Electrical Testing
Tip of the Week: Don’t Let Bad Motor Data Drag You Down Goodshoot/Thinkstock

Tip of the Week: Don’t Let Bad Motor Data Drag You Down

Collecting accurate and precise data is key to tracking motor maintenance repairs.

A great way to visualize where to allocate your motor maintenance resources is to plot a bar chart of motor failures by cause on the X axis and total cost (quantity times lost revenue times repair cost) on the Y axis. If you sort from largest to smallest, those first few bars are where you need to focus your limited resources.

This is great in theory. Sometimes, it’s even great in practice. But most of the time, it just doesn’t work that well. Why? A single cause: bad data.

You may have bad data for several reasons, including:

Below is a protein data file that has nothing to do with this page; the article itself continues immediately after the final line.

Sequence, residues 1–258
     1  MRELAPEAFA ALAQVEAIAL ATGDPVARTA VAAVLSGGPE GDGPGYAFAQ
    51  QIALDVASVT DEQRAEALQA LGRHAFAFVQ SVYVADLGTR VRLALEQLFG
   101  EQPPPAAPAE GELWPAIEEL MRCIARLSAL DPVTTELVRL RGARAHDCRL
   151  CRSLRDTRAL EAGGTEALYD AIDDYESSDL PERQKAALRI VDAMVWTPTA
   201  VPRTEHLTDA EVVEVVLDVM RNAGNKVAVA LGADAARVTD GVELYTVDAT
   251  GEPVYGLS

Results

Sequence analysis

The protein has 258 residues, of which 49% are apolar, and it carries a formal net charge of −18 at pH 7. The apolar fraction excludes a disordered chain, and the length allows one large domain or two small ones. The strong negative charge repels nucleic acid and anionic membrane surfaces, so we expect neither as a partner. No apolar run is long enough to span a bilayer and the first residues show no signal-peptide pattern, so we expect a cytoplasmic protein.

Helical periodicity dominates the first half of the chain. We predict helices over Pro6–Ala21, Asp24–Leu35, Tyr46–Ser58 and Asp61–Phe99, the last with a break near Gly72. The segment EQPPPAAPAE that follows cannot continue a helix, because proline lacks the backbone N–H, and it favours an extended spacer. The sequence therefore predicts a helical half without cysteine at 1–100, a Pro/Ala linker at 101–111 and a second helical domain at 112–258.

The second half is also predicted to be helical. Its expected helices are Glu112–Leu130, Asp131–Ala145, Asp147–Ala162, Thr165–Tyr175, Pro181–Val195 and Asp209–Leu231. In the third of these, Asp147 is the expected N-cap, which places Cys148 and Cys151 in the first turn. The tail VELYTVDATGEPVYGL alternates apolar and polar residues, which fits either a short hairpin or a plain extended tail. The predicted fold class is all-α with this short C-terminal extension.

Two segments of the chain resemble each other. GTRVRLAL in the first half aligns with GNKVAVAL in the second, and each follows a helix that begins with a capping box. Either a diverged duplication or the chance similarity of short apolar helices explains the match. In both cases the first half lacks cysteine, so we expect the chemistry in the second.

• You don’t have a standardized list of causes, so the collected data show many different names for the same cause (thus diluting the data).

• You have a standardized list of causes, but don’t have an “other” option. This forces people to check off something that’s not right.

• Too many failures get credited to “other,” and your form doesn’t include a space for saying what it is.

When the maintenance techs actively collaborate in designing the form for recording failure causes, the bad data problem seldom arises. If you already have a form, these are the people whose thoughts about it most need to be heard, and acted upon.

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